Al Wolter joined the Air Force at 17 years old. The Cloverdale resident is now 84 years old.

“Memorial Day is the one time a year we reflect on what the military did,” said Al Wolter, an Air Force Veteran from Cloverdale. “The public appreciates veterans more now, not like when the Vietnam Veterans came home.”

Wolter, 84, joined when he was 17 years old and served from 1954-1958 as an Airborne Radio Mechanic on fighter jets. After one year of training, he was deployed to Soesterberg Air Force Base in Holland.

Wolter said he was overseas during the Cold War between the United States and the Soviet Union. The men practiced to stay prepared in case fighting broke out. Wolter worked on day fighters, which were aircraft equipped to fight only during the day. Night fighter aircraft had special equipment allowing them to fight in the dark. 

In 1956 he was sent to the Landstuhl Air Force Base in West Germany, then to Hahn Air Force Base with the 496th Fighter-Interceptor Squadron where he worked on the radios of the F-86D Sabre interceptors. He was surprised how quickly the United States switched from fighting Germany in World War II to working with them later.

“After we pounded the hell out of them, the next moment we’re helping them,” Wolter said, shaking his head. “ We were the first line of defense against Russia.” 

He remembered practice scrambles at 3 a.m.

“We didn’t know if the Ruskies were coming or not,” Wolter said.

He said the pilots trained over the Caribbean and in Libya. He explained that World War II Boeing B29 Superfortress planes towed a metallic banner for the pilots to shoot rockets at. Each plane left a different color on the banner. Wolter said the pilots flew blind and relied on their radar. Once in a while he heard an excited pilot call out to another pilot that they were locked on a plane instead of the intended target and not to shoot.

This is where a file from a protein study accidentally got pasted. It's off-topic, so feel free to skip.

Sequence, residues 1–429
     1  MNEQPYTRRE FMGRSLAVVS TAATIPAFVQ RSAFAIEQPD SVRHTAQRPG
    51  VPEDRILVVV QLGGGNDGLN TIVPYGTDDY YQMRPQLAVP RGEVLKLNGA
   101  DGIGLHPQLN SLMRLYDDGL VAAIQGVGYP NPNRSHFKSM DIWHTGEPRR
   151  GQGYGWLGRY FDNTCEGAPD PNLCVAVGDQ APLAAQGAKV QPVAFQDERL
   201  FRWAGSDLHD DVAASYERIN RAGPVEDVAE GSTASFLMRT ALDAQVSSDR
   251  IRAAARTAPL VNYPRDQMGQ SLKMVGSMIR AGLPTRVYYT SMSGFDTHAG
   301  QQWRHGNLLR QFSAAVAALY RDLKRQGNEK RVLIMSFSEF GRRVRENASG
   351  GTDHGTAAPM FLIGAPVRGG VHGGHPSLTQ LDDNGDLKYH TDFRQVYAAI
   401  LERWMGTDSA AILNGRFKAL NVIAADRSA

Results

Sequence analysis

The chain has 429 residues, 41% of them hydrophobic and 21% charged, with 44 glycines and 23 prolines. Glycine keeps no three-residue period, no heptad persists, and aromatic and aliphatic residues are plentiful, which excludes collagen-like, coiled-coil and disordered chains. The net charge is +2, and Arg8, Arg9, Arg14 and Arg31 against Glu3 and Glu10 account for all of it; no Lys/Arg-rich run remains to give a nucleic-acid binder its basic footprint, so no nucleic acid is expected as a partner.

He said his scariest moment was when they were flying to Wheelus Air Force Base in Libya with a plane full of soldiers. He looked out of the window and saw oil from an engine streaming past. The pilot shut down one engine and the plane tilted sideways. Wolter said it was only five minutes until the pilot made a perfect landing and they moved to another plane to continue on to the training. 

“We were a little apprehensive on the second try,” Wolter said.

In Libya, the men slept in tents during the intense, month-long training. They set the tent poles in buckets of water to discourage the scorpions from climbing up the walls of the tent. During their down time, the men relaxed on the beach. 

Wolter missed Minnesota and his family. He decided to go back home to attend college and get a degree with his G.I. Bill. 

“The military opened my eyes to the world,” Wolter said. “It was a great experience for me.


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